by JACQUI ROSE
A gripping story of gangs, drugs, girls and unbreakable bonds.
Perfect for fans of Martina Cole and Mandasue Heller.
She trusted the man she loved. It was the most dangerous thing she had ever done ...No one can touch Del Williams - the hardest gangster in Soho.
He's got the monopoly on the drugs, the clubs and the girls - it'd be a mistake to underestimate him.
The one person he'd take a bullet for is tough, beautiful Bunny Barker, mother of their daughter Star.
Bunny is determined to shield Star from 'life' but Del has a lot of enemies.
When a familiar face appears from their past, their family is put into terrible danger.
Can Bunny protect Star from the demons of her own past, and her very worst nightmare?
- Format: Paperback
- Pages: 368 pages
- Publisher: HarperCollins Publishers
- Publication Date: 27/03/2014
- Category: Crime & mystery
- ISBN: 9780007503612
- EPUB from £1.49
- eAudiobook MP3 from £10.39
Showing 1 - 2 of 2 reviews.
Review by samarnold1975
I have previously read gangster Martine Cole style books but, I would not put it down as my favourite genre. However, this book has changed my perspective completely. This is an exceptionally well written story. The author has created strong dynamic characters who engage you. Through the book I really invested in these characters and wanted to know what happened to them. The skill of this author at creating characters is huge and she can create characters of all ages. As well as the adults she has created an excellent likeable child in Star who helps the story progress on. Star made me smile on several occasions. An author that can write both genders and all ages equally well is rare. The characters are not all exceptional human beings and Jacqui Rose shows the dark side of human personality as well as the good.The story is gripping and fast paced and the shorter chapters make you find yourself progressing through the book at a rapid speed eager to find out what happens next. The story itself has an excellent gripping start, good middle portion of story telling and a fantastic end. There is a twist through the book which some may guess but I certainly didn't. Morally the story deals with some quite disturbing aspects of life such as child abuse and abduction. You find yourself recognising these as the true villains of the story. It is only when you finish that you realise that you have turned drug dealers into the good guys when compared against the child abductors. This is a brilliant read which I thoroughly enjoyed I will certainly be looking for more from this author.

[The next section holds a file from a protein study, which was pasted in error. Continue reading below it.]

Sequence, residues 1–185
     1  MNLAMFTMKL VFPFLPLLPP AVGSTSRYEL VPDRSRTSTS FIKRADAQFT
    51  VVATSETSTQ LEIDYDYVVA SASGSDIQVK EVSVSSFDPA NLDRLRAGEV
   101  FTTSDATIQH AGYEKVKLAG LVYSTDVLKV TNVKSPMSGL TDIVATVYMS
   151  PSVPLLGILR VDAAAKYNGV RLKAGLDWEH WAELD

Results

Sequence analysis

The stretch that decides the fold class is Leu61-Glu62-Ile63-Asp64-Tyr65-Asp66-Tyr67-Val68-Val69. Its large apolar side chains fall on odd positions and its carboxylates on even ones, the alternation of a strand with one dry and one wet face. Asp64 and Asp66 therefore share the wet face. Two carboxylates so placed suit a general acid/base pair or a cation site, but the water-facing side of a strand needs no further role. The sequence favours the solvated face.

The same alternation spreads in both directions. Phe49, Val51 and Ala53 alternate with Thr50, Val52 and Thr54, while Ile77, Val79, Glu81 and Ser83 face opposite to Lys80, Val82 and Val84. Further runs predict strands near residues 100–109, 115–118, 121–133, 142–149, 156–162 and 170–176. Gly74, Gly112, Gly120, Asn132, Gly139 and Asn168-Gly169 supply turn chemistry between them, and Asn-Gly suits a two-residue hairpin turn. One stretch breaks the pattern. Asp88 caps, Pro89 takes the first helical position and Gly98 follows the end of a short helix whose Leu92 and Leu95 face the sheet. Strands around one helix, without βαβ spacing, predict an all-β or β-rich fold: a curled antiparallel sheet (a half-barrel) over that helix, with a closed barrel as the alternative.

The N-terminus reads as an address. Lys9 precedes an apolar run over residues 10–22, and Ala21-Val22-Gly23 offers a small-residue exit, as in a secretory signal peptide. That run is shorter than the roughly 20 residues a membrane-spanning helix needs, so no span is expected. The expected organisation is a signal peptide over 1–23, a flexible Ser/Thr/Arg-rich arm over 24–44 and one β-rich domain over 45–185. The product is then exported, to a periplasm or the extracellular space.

Review by shelleyraec
Betrayed is the fourth standalone novel by Jacqui Rose, who gained noticed as a self published author and then was picked up by Harper Colin’s Avon imprint.Del Williams owns the streets of Soho, running drugs, prostitutes and protection rackets alongside his legitimate businesses. Rich, powerful and ruthless, few are willing to make an enemy of him but even hard men have their weaknesses. Del’s is his mistress, Bunny Barker, and their precious seven year old daughter, Star and when Del is betrayed by his allies it is they who will pay the price.I found Betrayed interesting because I haven’t ever read anything quite like it before. It is set within London’s criminal underworld where everyone operates outside the normal rules of society. Betrayed is a gritty novel without the patina of glamour usually ascribed to the gangland lifestyle. Rose portrays a brutal underworld aided by corrupt cops, greedy lawyers, violent intimidation and well greased wheels.Bunny didn’t quite play the leading role I expected and I thought Del was the stronger and better developed character of the two. There are no real hero’s, nor innocents in this novel. It is a little strange when you realise you are hoping the violent, drug dealing gangster will prevail, but in Betrayed the alternative is unimaginably worse.The pace of the story is good, as is the writing. It is quite visual in style and could be described as Eastenders meets The Soprano’s. Some readers may struggle with the fairly graphic elements related to the victimisation of children, as well as the coarse language.The gangland crime fiction sub genre doesn’t hold a lot of appeal for me in general but I liked Betrayal well enough. It was a fast read, and the plot and characters kept me interested for the length of the story.